• These policies have subsidized debt by providing excessive leverage.
    • Coupled with the supply shortage, the increased demand from additional leverage has fueled unsustainable lending and higher home prices.
    • This is the paradox of accessible lending: When supply is constrained, credit easing will make entry-level homes less affordable.
    • During the Financial Crisis, these policies contributed to 8.6 million of foreclosures and other forced dispositions, which were proportionally higher in low-income and minority neighborhoods.
      • The foreclosure rate of 27% in low-income census tracts (defined as <80% of area median income) was 1.5 times as high as the 18% foreclosure rate in high-income census tracts (defined as ≥120% of area median income).
      • The foreclosure rate of 30% in census tracts with a Black and/or Hispanic share of households of at least 50% was twice as high as the 16% foreclosure rate in census tracts with a Black and/or Hispanic share of households of less than 10%.
  • These policies have not built generational wealth.
  • Today, the nation finds itself in the midst of the second home price boom in less than a generation.
    • The national seller’s market is now in its 101st month and levels of supply are at record lows. Home prices are rising in the 10-15% range compared to a year ago.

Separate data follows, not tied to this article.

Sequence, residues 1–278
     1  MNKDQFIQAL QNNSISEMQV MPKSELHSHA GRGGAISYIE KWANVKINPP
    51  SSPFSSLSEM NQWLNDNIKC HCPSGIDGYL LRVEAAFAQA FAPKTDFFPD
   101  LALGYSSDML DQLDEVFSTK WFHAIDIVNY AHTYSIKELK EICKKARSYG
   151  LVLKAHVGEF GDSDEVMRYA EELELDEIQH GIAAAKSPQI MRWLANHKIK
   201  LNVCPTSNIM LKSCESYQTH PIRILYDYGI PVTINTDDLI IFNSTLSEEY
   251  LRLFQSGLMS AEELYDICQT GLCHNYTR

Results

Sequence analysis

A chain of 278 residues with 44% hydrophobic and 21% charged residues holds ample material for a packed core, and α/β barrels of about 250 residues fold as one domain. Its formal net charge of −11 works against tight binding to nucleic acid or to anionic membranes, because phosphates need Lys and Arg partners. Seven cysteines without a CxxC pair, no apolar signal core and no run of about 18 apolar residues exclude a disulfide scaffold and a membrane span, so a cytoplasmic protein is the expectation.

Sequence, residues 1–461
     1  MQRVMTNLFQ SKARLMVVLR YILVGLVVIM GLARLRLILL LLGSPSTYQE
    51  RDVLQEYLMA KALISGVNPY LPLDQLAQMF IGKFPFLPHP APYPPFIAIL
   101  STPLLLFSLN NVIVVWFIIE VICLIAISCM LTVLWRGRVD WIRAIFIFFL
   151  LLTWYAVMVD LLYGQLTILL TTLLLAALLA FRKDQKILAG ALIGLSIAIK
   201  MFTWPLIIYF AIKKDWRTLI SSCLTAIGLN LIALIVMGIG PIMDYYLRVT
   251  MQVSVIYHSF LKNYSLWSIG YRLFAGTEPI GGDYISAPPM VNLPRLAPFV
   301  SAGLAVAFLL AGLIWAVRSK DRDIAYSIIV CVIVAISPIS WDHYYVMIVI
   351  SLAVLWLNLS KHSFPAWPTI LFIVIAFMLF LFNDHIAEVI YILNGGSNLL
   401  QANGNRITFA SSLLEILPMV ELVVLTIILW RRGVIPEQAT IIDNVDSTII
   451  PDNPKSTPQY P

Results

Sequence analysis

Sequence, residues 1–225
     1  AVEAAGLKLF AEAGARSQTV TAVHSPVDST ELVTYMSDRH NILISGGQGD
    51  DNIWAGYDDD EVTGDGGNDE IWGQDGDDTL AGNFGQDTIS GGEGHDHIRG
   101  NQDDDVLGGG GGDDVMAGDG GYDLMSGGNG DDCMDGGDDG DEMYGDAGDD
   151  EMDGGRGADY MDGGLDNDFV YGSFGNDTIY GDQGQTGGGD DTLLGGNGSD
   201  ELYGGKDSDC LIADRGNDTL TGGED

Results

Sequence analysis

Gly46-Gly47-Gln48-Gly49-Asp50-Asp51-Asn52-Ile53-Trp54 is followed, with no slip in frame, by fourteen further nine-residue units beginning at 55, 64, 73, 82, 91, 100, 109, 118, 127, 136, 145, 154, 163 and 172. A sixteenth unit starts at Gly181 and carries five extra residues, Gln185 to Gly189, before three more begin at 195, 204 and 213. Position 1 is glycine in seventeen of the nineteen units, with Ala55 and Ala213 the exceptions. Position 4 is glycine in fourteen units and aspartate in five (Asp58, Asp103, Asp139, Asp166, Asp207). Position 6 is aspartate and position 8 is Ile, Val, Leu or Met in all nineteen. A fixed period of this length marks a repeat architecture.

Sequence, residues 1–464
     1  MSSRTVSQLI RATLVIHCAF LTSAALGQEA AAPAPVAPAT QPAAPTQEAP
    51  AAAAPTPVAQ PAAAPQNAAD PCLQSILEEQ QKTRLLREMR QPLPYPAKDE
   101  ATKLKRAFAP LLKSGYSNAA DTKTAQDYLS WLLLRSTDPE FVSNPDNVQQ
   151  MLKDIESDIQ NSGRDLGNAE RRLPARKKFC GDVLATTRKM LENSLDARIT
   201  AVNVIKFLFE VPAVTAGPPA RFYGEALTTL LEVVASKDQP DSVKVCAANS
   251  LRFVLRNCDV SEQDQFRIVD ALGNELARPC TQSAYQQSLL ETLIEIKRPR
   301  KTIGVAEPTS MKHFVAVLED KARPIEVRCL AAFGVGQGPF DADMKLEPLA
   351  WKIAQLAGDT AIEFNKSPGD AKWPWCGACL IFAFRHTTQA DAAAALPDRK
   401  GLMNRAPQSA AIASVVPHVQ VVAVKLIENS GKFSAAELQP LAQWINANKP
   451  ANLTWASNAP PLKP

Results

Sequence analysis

• Home price appreciation is being propelled by the Fed’s low interest policies and quantitative easing, the desire for more space as more people work from home, and a wide credit box, particularly at FHA.
    • Across the states you represent, affordability has worsened, especially for low-income and minority households. You can trace just how bad affordability has become from key housing market indicators for your state provided in Appendix A.
  • The COVID-19 pandemic has revealed the same fault lines that were present before the Financial Crisis, thus maintaining separate and unequal outcomes in the housing market.
    • Delinquencies are still largely geographically concentrated in low-income and minority neighborhoods, where federal policies provide widespread access to default-prone leverage.

Most importantly these federal policies have impeded the creation of generational wealth for lower-income and minority households and have served to perpetuate the legacy of racial discrimination and socio-economic stratification in housing. Due to their ongoing impact, there is a growing danger that housing is going to become even more separate and unequal. This is not a viable path forward.”

Source: https://www.aei.org/research-products/testimony/how-the-federal-governments-policies-have-helped-to-make-housing-outcomes-separate-and-unequal/

Share This Post

Leave a Reply

Your email address will not be published. Required fields are marked *

This site uses Akismet to reduce spam. Learn how your comment data is processed.

Stay connected.

Get up to the minute updates and resources.

Search
Other Articles

Stay Connected.

Get up to the minute updates and resources.